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Work placements and pay: your rights and how to protect them

If you are looking to apply for a work placement, read this article

By Nick Branch

If you are looking to apply for a work placement, read this article

Placements represent a great way for students to differentiate themselves from the crowd. Indeed, in a highly competitive jobs market, the candidates who can show a willingness to work and learn and a diversity of experience will almost certainly stand out.

They are a form of apprenticeship offered by professional organisations and companies to allow potential employers a chance to get a feel for a particular organisation or industry (eg, hospital, pharmaceutical industry). The use of work placements in many sectors has grown extensively in recent years, and has resulted in them attracting considerable criticism recently.

Placements can be paid or unpaid, and much of the controversy surrounding them stems from those that are offered on an unpaid basis. Essentially very few placements can legally be unpaid. The exceptions to this are those offered as part of a university or college course, such as a sandwich year in industry as part of a four-year degree.

Other types of placements that can legally be unpaid are volunteering posts for a charity or not-for-profit organisation, and those that are genuinely offered as a training opportunity.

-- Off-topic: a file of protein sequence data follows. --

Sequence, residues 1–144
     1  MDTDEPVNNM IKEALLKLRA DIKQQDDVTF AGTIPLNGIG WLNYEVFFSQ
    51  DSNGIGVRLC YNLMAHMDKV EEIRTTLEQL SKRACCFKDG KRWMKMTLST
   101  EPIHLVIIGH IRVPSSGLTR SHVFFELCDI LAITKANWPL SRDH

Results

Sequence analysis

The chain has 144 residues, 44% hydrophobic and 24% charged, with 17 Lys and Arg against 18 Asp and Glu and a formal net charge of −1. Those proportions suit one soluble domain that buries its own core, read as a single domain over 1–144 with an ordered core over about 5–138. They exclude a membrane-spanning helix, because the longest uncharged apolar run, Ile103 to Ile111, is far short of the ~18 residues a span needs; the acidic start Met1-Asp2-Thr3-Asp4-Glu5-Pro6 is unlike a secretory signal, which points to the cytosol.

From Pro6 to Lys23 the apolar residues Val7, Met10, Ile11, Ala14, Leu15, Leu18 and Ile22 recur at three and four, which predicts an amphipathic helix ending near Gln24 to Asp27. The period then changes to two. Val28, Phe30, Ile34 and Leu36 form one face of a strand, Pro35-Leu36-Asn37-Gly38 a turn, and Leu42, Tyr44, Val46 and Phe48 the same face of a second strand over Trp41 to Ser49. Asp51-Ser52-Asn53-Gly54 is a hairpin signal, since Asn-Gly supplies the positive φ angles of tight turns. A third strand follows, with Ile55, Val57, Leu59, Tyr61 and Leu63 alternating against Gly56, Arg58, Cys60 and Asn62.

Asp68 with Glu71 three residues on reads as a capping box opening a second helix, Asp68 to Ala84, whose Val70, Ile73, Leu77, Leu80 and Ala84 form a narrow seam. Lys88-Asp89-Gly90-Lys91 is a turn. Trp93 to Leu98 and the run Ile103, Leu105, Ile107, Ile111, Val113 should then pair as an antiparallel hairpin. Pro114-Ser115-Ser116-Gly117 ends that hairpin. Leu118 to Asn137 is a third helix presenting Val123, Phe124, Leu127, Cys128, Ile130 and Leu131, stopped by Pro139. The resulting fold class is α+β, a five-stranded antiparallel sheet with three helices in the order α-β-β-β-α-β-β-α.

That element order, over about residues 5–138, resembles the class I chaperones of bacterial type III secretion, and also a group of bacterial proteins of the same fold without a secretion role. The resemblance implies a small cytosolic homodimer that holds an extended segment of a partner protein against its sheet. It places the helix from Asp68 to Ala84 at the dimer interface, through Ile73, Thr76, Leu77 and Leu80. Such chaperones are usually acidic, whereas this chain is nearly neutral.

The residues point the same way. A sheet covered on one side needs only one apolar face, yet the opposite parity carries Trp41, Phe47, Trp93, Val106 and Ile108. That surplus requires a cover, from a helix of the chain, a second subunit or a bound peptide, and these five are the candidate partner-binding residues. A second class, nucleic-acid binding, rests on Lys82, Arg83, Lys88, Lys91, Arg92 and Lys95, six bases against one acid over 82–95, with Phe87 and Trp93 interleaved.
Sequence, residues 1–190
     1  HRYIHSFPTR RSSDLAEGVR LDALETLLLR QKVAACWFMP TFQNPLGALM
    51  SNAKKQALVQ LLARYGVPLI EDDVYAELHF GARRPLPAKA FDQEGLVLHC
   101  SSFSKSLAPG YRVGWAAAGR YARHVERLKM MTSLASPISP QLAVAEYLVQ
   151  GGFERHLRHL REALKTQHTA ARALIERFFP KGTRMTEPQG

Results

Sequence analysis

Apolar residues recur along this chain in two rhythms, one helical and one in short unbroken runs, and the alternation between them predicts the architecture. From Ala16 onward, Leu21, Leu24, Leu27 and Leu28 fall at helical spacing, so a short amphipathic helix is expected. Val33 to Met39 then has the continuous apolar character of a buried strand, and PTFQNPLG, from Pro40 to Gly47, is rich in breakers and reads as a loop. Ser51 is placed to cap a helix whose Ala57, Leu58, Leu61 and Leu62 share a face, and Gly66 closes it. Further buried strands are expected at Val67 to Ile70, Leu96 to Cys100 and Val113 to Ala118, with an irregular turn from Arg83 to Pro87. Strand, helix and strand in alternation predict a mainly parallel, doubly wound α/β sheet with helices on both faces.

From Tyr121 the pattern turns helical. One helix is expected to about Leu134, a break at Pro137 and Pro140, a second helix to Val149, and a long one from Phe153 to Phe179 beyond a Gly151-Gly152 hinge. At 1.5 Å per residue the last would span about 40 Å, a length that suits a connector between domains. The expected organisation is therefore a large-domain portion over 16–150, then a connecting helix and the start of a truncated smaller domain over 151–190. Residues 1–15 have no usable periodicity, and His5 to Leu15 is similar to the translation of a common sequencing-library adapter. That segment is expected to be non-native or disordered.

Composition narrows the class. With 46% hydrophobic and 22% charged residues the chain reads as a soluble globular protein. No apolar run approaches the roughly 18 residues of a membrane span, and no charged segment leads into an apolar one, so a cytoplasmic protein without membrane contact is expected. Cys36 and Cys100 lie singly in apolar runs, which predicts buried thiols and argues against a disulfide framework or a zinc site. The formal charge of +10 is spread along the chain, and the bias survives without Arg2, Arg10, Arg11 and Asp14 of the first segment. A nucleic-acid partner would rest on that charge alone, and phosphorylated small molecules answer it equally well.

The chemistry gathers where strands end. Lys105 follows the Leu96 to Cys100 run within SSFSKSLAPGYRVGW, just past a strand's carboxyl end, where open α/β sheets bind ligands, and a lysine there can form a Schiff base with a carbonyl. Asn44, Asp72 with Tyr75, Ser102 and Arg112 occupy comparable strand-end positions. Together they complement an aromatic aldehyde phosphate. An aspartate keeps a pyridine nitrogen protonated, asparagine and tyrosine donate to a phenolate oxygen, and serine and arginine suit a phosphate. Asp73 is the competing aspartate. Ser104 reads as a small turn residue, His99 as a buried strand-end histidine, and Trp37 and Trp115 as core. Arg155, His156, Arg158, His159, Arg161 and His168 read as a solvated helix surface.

The law on pay

In a string of recent cases the courts in the UK have shown a willingness to award compensation to unpaid interns in circumstances where the court feels that the placement that they were doing was more akin to a job. Although there is no law forbidding unpaid placements, the law states that the national minimum wage should be paid to all “workers”.

When deciding whether an intern is in fact a worker, the courts look at whether the intern was free to come and go as they please, whether they were being taught or trained or actually being asked to do tasks normally completed by paid employees.

In several cases the courts have awarded compensation when the terms and duties of a placement have equated the post to a job. In one such case the intern was asked to work from 9 until 6, was given a pile of work to complete each day, and was later asked to act as a “team leader” for all the other unpaid interns. The court ruled that this role equated her to a “worker” and she received six weeks’ wages at the national minimum wage rate.

Considering placements

Placements remain an excellent way to build on your CV, but before committing there are some important factors to consider. First, think about what you would like to get out of the placement, and be sure to communicate this to the employer. If the post is unpaid, be sure it is a training or educational placement. Remember you will incur expenses, and it will look unprofessional if you leave halfway through because you cannot afford to finish the placement. Any placement worth doing should pay at least to cover your expenses.

If you are already working in an unpaid placement and are unsure what to do next, you should take early legal advice from an employment lawyer or from your local Citizens Advice Bureau. You may be able to negotiate with your employer an hourly wage rate, or you can find out how to take legal action if your employer refuses.


Nick Branch, LLB



Citation: Tomorrow's Pharmacist URI: 11116494

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